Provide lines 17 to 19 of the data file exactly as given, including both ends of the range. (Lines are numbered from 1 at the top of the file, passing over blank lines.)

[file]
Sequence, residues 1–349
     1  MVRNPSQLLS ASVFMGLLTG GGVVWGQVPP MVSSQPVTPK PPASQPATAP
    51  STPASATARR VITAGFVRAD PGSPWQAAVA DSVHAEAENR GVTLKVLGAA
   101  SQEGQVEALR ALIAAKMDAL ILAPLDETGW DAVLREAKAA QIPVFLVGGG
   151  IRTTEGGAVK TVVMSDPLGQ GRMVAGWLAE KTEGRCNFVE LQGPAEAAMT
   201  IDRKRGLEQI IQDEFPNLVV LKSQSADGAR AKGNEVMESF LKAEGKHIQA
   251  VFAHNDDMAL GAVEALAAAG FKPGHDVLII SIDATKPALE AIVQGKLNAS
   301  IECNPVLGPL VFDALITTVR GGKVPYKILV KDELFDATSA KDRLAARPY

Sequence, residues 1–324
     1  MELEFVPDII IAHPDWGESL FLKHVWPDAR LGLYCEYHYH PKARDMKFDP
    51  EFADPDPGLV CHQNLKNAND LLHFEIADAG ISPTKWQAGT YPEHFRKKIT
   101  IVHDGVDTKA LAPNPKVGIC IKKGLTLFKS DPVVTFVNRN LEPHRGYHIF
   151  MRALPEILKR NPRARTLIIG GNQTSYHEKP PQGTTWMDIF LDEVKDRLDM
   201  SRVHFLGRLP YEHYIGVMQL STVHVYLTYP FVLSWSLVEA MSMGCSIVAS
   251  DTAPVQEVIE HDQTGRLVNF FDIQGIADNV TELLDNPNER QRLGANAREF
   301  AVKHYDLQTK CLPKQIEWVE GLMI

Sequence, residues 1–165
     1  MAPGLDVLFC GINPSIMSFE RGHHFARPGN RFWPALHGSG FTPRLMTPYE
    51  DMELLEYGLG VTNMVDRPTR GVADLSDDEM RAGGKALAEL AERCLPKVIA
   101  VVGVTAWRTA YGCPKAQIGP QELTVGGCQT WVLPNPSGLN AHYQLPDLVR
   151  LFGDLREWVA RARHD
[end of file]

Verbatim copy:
Sequence, residues 1–165
     1  MAPGLDVLFC GINPSIMSFE RGHHFARPGN RFWPALHGSG FTPRLMTPYE
    51  DMELLEYGLG VTNMVDRPTR GVADLSDDEM RAGGKALAEL AERCLPKVIA